U.S. Sen. Rob Portman (R., Ohio) said Tuesday he would not support the Obamacare repeal bill as written — moments after Senate Republican leaders said they planned to delay a vote on the bill until after the July 4 recess.
Mr. Portman had expressed concern that the measure’s cuts and changes to Medicaid could negatively affect Ohio’s ability to fight the opioid epidemic. On Tuesday, he joined a growing list of Republican lawmakers who formally oppose the bill.
“For months, I have engaged with my colleagues on solutions that I believe are necessary to ensure that we improve our health care system and better combat this opioid epidemic,” he said. “Unfortunately, the Senate draft falls short and therefore I cannot support it in its current form.”
Mr. Portman’s announcement came in a joint statement with U.S. Sen. Shelley Moore Capito (R., W.Va.), who had also criticized the bill for not adequately addressing the opioid crisis. A third senator, Jerry Moran (R., Kansas), also said Tuesday he would not vote for the bill in its current form.
The three defections brought the number of Republican senators opposing the bill to nine as of Tuesday. With the Senate’s 48 Democrats and independents united in opposition, Senate Republicans can afford to lose just two votes if they hope to pass the measure.
Mr. Portman has said he’s committed to replacing former President Barack Obama’s hallmark health care legislation.
“The Affordable Care Act is not working for many Ohio families and small businesses,” he said. “I am committed to creating a better health care system that lowers the cost of coverage, provides access to quality care, and protects the most vulnerable in our society.”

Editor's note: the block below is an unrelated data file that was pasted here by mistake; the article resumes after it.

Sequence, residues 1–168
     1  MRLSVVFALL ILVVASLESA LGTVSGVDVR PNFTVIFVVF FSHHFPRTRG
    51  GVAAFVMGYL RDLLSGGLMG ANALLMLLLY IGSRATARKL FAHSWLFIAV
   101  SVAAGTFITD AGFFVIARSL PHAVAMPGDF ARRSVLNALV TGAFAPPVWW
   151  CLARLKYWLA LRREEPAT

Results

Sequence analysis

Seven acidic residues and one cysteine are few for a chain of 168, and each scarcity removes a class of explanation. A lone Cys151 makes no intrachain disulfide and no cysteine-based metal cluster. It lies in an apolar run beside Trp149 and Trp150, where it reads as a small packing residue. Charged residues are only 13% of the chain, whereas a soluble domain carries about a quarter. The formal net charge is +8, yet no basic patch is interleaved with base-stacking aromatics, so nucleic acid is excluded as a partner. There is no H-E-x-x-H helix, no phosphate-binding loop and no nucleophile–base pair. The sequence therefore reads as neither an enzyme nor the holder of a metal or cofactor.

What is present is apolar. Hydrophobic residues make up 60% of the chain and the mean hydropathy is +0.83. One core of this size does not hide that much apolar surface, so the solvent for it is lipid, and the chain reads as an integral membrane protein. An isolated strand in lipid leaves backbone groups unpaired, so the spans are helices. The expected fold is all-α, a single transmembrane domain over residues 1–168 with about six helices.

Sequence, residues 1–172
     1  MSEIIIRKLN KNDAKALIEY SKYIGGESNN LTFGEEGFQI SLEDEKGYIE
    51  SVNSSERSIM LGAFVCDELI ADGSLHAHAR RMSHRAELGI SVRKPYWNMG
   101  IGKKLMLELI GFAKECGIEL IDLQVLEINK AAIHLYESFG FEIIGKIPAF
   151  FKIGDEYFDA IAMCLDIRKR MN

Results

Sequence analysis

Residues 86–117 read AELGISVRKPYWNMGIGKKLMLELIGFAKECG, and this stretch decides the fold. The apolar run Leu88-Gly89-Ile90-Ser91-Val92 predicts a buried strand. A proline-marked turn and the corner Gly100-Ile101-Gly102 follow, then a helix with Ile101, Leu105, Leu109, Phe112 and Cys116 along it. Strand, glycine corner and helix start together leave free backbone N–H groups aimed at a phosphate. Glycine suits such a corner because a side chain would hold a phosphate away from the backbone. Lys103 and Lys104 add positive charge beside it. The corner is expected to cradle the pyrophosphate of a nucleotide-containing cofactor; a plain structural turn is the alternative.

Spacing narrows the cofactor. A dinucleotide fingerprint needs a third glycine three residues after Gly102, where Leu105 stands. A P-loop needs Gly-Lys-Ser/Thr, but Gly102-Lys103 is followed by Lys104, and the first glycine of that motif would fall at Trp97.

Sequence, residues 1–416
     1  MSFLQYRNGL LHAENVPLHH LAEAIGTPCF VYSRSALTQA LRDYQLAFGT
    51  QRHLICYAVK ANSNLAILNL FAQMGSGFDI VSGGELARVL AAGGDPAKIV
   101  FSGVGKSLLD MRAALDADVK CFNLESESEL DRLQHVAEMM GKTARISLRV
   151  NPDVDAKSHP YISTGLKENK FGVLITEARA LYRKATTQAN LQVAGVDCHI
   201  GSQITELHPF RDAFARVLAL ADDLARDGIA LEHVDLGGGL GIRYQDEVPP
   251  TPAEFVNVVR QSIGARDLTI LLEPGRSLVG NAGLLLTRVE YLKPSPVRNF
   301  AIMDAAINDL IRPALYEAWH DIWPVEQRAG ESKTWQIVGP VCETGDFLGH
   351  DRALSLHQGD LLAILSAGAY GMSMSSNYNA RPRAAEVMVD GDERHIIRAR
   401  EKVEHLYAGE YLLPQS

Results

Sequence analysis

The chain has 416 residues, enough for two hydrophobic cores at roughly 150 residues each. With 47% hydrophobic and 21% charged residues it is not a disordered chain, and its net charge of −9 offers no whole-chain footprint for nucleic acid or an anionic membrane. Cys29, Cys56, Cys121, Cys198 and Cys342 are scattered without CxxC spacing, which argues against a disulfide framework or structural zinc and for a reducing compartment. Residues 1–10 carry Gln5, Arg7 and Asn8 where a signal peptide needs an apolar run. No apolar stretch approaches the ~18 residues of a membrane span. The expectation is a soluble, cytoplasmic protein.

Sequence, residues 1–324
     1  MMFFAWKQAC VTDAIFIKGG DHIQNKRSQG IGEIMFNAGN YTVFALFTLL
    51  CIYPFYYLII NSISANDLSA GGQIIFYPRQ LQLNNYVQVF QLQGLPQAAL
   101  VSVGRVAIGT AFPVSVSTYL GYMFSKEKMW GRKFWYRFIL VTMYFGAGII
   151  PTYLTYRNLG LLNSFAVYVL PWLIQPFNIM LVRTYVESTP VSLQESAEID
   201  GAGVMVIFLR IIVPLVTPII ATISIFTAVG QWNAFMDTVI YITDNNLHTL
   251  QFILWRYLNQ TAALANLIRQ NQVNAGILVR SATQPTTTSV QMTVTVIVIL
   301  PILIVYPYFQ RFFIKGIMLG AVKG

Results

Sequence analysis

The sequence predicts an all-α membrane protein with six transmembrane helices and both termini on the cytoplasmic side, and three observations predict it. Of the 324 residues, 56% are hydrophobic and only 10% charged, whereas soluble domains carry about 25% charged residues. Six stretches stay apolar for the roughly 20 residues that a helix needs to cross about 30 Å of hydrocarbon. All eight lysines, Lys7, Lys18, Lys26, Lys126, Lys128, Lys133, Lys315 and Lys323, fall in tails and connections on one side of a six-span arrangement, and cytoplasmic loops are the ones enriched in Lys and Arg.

Just hours after Senate Republican leadership delayed the vote and Mr. Portman announced his opposition, about 100 people gathered at Levis Square in downtown Toledo to protest efforts to repeal and replace the Affordable Care Act. Organizers of the demonstration included the AFL-CIO, Our Revolution in Northwest Ohio, and the Ohio Alliance for Retired Americans.
Originally, the protest’s goal was to persuade Mr. Portman to oppose the bill, said George Tucker, executive secretary of the Greater Northwest Ohio AFL-CIO.
But the event turned more festive in light of the afternoon’s developments in Washington.
“This should be a celebration because just a few hours ago Mitch McConnell pulled that bill for after the Fourth of July,” said Dennis Slotnick, chair of Our Revolution in Northwest Ohio. “He didn’t want to spoil people’s holiday.”
Still, rally organizers and participants said they know the health care battle isn’t over.
Protester Melissa Kritzell, a survivor of ovarian cancer, said she fears her preexisting condition could lead to her losing health insurance if the Republican plan becomes law. She said she was happy to see Mr. Portman oppose the bill in its current form, but remains wary of a possible reversal.
“I was happy, but I’ll believe it when he votes ‘no,’ ” Mrs. Kritzell said.
Staff writer Tom Troy contributed to this report.
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